A famous chain of restaurants in Copenhagen serves salads crawling with live ants supposedly to add a zesty taste. These move slowly because they have been kept in the fridge previously. Wichetty grubs are chewed live in parts of Australia. They are said to taste like nutty fried eggs.
Casu Marzu is a traditional Sardinian sheep milk cheese eaten in Italy. Its specialty is that it contains the live maggots of the cheese fly, which jump about in panic as you scrunch them. Casu Marzu has so much ammonia in it from its faeces that it scorches the tongue. Milk cheeses containing living insect larvae are produced in several Italian regions.
Television game shows that I have repeatedly complained about to the Ministry over the years is Fear Factor and Survivor where contestants eat live insects, spiders, cockroaches and worms. But by the time they take action, the series is already over. Then we start the cycle again with the next series. Man vs Wild is another show in which Bear Gryllis shows his manhood by eating live insects.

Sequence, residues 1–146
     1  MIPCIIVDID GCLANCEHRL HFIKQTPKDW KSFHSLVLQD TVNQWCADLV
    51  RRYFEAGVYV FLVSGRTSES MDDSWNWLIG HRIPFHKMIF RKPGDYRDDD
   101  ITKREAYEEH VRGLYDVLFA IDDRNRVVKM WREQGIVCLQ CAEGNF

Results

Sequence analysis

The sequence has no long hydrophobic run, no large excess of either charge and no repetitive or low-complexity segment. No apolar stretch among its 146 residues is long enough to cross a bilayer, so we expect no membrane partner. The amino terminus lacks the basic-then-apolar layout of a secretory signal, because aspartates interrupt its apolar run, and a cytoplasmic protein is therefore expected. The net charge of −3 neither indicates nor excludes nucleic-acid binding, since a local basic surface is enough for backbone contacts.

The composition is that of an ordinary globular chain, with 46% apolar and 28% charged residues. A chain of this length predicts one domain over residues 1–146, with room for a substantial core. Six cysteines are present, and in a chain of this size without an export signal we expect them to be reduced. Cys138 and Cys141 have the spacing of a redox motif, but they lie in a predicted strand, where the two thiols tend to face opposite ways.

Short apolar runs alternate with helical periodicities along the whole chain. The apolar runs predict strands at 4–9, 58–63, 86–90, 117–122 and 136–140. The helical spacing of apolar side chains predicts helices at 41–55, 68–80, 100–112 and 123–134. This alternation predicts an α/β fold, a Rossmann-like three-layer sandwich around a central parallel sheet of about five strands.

What is the word for people who demand food that is so full of pain? Monsters? Ugly terrifying evil beings that are probably a menace to human society as well.
(To join the animal
welfare movement contact firstname.lastname@example.org, www.
The elephant and alli mankada
By Ashley de Vos
In 1999, a proposal was made by the undersigned as President of the Wildlife and Nature Protection Society of Sri Lanka, to document from the existing information in the Department of Wildlife Conservation, held in the archives of Mr. Wilson, an erudite Officer, and draw a map showing the original Alli Mankada, as they existed prior to 1977. Many ‘Experts’ objected, that they had all changed. They had all changed, yes, but we were after the Ayurveda solution to the problem, instead of the ampicillin solution of the western educated experts.